ILLINOIS APPELLATE COURT FOURTH DISTRICT APPEAL DISMISSED.
OPINION FILED APRIL 7, 1977.
THE PEOPLE OF THE STATE OF ILLINOIS, PLAINTIFF-APPELLEE,
HAROLD EDWARDS (IMPLEADED), DEFENDANT-APPELLANT.
APPEAL from the Circuit Court of Logan County; the Hon. JOHN
T. McCULLOUGH, Judge, presiding.
MR. JUSTICE REARDON DELIVERED THE OPINION OF THE COURT:
On September 9, 1975, defendant, pursuant to a plea agreement, pleaded guilty to one count of aggravated battery and one count of unlawful use of weapons, in violation of sections 12-4 and 24-1 of the Criminal Code of 1961 (Ill. Rev. Stat. 1973, ch. 38, pars. 12-4, 24-1). After properly admonishing defendant, the judge accepted the plea. The State also dismissed seven other charges against defendant arising from the same incident (including three other charges of aggravated battery) and dismissed misdemeanor charges pending for 4 years in Cook County. No agreement on sentence was arranged. On October 7, 1975, a full sentencing hearing was held, after which defendant was sentenced to concurrent terms of 1 to 3 years for aggravated battery and 364 days for unlawful use of weapons.
Thirty days later, on November 6, 1975, defendant filed a "Motion" purporting to be in compliance with Rule 604(d). However, the motion specifically stated that the defendant did not wish that his guilty plea be vacated; rather, defendant asked that the motion serve in lieu of a Rule 604(d) petition to vacate, and assigned as error the trial court's refusal to grant defendant probation. The motion was made in lieu of a Rule 604 motion "so that these matters may be raised on appeal." The docket sheet shows that no trial court action was ever taken on this motion. The same day the "Motion" was filed, defendant filed his notice of appeal. Defendant on appeal does not allege any sentencing error, but instead seeks to set aside the conviction for unlawful use as being in the same course of conduct as the more serious crime of aggravated battery.
Rule 604(d) in pertinent part, states:
"No appeal from a judgment entered upon a plea of guilty shall be taken unless the defendant, within 30 days of the date on which sentence is imposed, files in the trial court a motion to withdraw his plea of guilty and vacate the judgment. * * * The motion shall be heard promptly * * *. If the motion is denied a notice of appeal from the judgment and sentence shall be filed within * * * [30 days], measured from the date of entry of the order denying the motion. Upon appeal any issue not raised by the defendant in the motion to withdraw the plea of guilty and vacate the judgment shall be deemed waived." (Emphasis added.)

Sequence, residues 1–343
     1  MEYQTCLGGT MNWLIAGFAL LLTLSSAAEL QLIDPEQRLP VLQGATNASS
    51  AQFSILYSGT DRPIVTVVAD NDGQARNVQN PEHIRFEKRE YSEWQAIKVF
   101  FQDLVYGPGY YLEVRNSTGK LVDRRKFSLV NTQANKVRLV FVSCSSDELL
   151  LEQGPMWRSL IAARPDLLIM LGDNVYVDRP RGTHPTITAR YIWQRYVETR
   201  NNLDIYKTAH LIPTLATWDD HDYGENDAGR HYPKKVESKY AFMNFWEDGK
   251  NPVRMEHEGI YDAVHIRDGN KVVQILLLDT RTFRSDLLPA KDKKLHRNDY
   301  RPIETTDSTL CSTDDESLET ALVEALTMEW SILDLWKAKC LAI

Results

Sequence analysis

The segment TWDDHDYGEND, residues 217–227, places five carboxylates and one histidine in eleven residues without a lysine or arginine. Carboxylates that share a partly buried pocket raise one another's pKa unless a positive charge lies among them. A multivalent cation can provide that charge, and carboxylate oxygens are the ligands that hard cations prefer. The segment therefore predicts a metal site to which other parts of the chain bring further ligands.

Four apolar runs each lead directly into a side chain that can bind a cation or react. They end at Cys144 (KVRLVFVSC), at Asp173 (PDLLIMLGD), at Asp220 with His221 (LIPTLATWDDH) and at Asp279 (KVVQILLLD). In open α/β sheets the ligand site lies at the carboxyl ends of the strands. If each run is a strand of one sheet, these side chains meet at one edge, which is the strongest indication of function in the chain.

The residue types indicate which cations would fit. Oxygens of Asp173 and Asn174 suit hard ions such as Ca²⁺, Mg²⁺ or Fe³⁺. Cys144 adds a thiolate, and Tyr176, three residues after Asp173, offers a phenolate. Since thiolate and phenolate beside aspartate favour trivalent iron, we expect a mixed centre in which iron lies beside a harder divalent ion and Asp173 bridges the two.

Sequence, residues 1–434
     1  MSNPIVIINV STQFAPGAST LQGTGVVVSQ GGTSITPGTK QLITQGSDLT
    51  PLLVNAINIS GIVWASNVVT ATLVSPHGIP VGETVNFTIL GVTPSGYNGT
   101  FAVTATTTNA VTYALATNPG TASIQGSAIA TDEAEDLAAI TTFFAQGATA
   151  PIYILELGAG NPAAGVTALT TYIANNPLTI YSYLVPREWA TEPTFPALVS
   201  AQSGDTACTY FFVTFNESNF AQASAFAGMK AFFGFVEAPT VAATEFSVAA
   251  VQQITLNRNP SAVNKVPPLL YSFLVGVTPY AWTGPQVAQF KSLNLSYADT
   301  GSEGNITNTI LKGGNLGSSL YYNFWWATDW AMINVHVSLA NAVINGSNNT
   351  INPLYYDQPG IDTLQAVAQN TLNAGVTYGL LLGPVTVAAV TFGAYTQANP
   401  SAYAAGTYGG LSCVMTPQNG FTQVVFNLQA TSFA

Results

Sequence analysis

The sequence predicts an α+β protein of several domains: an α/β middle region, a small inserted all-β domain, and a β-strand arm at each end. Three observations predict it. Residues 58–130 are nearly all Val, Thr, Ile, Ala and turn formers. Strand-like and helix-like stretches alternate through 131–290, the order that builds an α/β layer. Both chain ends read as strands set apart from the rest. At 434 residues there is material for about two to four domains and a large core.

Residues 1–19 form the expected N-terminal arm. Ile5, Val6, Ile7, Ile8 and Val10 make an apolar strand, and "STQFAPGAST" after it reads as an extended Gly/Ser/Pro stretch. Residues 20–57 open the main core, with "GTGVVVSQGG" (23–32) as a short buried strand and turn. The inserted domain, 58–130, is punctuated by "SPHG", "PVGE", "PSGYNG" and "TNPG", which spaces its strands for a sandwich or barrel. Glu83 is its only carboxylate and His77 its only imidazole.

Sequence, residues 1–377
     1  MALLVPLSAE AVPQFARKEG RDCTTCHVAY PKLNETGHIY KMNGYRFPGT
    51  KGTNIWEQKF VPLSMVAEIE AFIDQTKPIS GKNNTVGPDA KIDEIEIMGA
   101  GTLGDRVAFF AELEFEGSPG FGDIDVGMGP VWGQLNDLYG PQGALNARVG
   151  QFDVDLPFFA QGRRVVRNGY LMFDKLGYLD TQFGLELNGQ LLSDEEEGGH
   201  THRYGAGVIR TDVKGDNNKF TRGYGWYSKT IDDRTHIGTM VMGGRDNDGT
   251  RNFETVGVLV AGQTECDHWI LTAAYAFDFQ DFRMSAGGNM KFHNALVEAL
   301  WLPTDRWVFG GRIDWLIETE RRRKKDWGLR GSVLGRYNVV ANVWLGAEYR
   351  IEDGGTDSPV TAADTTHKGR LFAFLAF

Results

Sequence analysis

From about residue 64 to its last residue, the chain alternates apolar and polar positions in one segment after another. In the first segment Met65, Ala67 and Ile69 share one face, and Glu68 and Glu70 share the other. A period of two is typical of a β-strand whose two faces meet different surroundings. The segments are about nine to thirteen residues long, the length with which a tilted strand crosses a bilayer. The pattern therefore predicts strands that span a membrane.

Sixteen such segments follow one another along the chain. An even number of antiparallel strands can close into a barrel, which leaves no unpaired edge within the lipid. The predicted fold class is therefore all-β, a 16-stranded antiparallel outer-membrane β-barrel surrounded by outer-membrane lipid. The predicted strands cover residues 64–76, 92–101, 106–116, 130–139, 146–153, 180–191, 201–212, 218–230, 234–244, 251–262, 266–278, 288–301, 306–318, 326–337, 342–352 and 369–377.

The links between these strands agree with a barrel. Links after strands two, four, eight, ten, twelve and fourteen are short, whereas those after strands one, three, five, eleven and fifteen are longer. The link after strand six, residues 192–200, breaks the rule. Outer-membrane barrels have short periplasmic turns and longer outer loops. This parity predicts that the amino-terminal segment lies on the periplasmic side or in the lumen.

• 1, 2 The revised Committee Comments to Rule 604(d) re-emphasize the fact that "[t]he time within which an appeal may be taken runs from the date on which the order disposing of the motion is entered." (Emphasis added.) Filing a notice of appeal does not circumvent or substitute the requirement that the court rule on the motion to vacate before an appeal is taken. The present appeal before this court is, therefore, premature since the motion was never denied. Since the supreme court, in Rule 604(d), specifically set forth the procedure for appeal from a plea of guilty, defendant's failure to follow the procedure bars an appeal at this time. Therefore, the appeal is dismissed as premature. For this court to decide the merits of this appeal in its present state could encourage others to appeal without regard to the specific language of Rule 604(d).
We also note that the Appellate Court for the Fifth District, in People v. Bryant (1977), 45 Ill. App.3d 428, recently held that it lacked jurisdiction to consider an appeal from the denial of a consolidated motion to reduce sentences where the defendant failed to file a proper Rule 604(d) motion. In addressing defendant's attack on his sentence in that case, without also attacking his plea, the court stated:
"By negotiating and entering into a negotiated plea of guilt the defendant agreed that in consideration for the State dismissing certain other criminal charges he would (1) enter a plea of guilt to the remaining criminal charges and (2) accept whatever punishment the court might see fit to impose. In other words for the State's dismissing the other criminal charges he agreed to two things, and now seeks to be released from the latter leaving only the former stand as consideration for the State's dismissals. Obviously by failing to negotiate a recommended sentence or a particular sentence or sentences both the State and defendant intended the bargain to include defendant accepting whatever sentence, including probation, that the trial court, had power to, and would see fit to, impose, and the State likewise accepting any such sentence imposed. The State, of course, is bound by the agreement and would remain so bound as to its part of the agreement were defendant allowed to appeal only from the sentence without moving to withdraw his plea, which would result in the People receiving less than they had bargained. Since the People are bound by all the bargains made we see no reason why defendant should not be bound to all the bargains. We would not tolerate the State prosecuting defendant on one of the charges which it had agreed to dismiss without defendant being released from his bargain to plead guilty and accept the sentence imposed. Likewise, we will not allow defendant to breach a part of his agreement without the entire agreement being set aside." (45 Ill. App.3d 428, 430-31.)
We agree with the Bryant court's analysis of Rule 604(d) and we dismiss defendant's appeal for failure to comply with the clear requirements of Rule 604(d).
CRAVEN, P.J., and TRAPP, J., concur.
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